Probably way less cool than say a Keith Jarrett or Oscar Peterson...  this guy did it for me in high school.  Kind of a transition for me to some really hip stuff.  I was in an upscale thrift shop last week which I just discovered (really, it's just like any other thrift shop but in a nice part of town), and they had a decent vinyl collection.  I found two of George Winston's albums (Autumn and December) in mint condition for $1 each!  So... needless to say, I've been listening to them quite a bit.  Mr. Winston is a melody monster.  Really simple, beautiful stuff...  and I've seen him live about 6 times or so...  he has complete control over the instrument.

      The last time I saw him, I went with a girl who was a fan of my band.  She had asked me if I liked George Winston as she was going to see him.  Turns out she knows him.  Was friendly with him...  I was kind of skeptical... so she whips out her cell phone and plays me a voicemail she had saved.  It was a bizarre message... bordering on babytalk and using pet names (Hawaiian pet names actually).  Uncomfortable.  I was still skeptical... Nevertheless, I went to the show... and sure enough, she got us backstage after the concert, and I was able to meet him...  Suffice to say, the voice on the other end of the phone was indeed George's.  His behavior with this girl, who was likely at least 30 years his junior, was just... strange.  All of those pet names... the Hawaiian tone... everything... was real!

      But I digress... strange as he may be, he remains an influence... not as hip as my man Jarrett, but a pleasant listening experience nonetheless.

       

      He also plays a nice Hawaaian Slack Key Guitar

       

       


  • #3
    Guildy pleasure
    ___

    Comment


    • Foose31
      Foose31 commented
      Editing a comment

      Lee Knight wrote:
      Guildy pleasure

      LOL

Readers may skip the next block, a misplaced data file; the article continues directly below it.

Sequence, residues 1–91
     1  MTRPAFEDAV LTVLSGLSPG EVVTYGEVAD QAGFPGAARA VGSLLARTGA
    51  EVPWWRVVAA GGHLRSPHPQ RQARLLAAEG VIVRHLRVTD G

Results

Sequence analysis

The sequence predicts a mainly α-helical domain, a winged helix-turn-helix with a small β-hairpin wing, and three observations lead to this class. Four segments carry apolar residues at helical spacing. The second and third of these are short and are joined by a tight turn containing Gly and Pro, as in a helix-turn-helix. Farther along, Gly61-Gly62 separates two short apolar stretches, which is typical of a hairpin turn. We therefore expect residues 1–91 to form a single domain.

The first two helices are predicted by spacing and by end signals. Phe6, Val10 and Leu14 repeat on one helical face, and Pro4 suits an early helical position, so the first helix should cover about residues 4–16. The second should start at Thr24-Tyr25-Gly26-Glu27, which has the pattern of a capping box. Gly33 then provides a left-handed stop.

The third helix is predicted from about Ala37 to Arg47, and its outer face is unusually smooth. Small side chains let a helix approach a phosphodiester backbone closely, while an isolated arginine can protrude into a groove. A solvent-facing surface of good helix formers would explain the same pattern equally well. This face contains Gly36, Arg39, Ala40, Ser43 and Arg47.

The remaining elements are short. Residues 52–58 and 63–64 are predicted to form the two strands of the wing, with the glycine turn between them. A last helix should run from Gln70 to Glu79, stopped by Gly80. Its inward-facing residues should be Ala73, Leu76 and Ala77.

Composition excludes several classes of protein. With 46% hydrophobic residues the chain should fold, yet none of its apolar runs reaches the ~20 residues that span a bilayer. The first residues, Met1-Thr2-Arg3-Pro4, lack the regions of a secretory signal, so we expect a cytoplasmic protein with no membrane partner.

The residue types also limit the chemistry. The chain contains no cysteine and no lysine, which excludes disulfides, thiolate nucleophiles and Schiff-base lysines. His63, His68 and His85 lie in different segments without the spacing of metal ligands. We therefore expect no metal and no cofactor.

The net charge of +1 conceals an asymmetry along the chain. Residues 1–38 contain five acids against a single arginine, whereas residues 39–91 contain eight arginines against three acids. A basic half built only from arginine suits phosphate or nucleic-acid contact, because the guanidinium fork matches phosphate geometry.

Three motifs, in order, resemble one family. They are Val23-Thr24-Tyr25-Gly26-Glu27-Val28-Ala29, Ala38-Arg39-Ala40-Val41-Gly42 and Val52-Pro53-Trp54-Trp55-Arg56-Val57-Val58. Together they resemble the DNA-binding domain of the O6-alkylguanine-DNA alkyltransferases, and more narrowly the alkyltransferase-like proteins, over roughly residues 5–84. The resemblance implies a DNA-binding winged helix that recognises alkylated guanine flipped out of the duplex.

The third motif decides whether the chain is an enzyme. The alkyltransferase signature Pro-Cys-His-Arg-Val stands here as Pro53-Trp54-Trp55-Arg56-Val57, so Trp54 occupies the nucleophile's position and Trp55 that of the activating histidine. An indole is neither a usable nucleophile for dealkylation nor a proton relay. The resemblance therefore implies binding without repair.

• #4

    Just heard Stephen Corbett sing this. Who knew. Sondheim from Company.


    Sorry/Grateful

    ROBERT [speaking]:
    Harry, you ever sorry you got married?

    HARRY:
    You're always sorry,
    You're always grateful,
    You're always wondering
    What might have been--
    Then she walks in.

    And still you're sorry,
    And still you're grateful,
    And still you wonder
    And still you doubt--
    And she goes out.

    Everything's different, nothing's changed.
    Only maybe slightly rearranged.

    You're sorry-grateful,
    Regretful-happy.
    Why look for answers
    When none occur?
    You always are what you always were,
    Which has nothing to do with, all to do with her.

    DAVID:
    You're always sorry,
    You're always grateful,
    You hold her, thinking:
    "I'm not alone."
    You're still alone.

    You don't live for her,
    You do live with her,
    You're scared she's starting
    To drift away,
    And scared she'll stay.

    LARRY:
    Good things get better, bad get worse.
    Wait, I think I meant that in reverse.

    HARRY, DAVID, LARRY:
    You're sorry-grateful,
    Regretful-happy.
    Why look for answers
    When none occur?
    You'll always be what you always were,
    Which has nothing to do with, all to do with her.

    HARRY:
    Nothing to do with, all to do with her.

    ___

    Comment


    • LCK
      LCK commented
      Editing a comment

      Lee Knight wrote:
      Just heard Stephen Corbett sing this. Who knew. Sondheim from Company.

      http://youtu.be/vAVgwA9Gx1A

      I used to listen to this song and the rest of the cast album a lot.

      My favorite is "Barcelona." Bobby -- the anti-hero of the show -- wakes up one morning with a stewardess in his bed...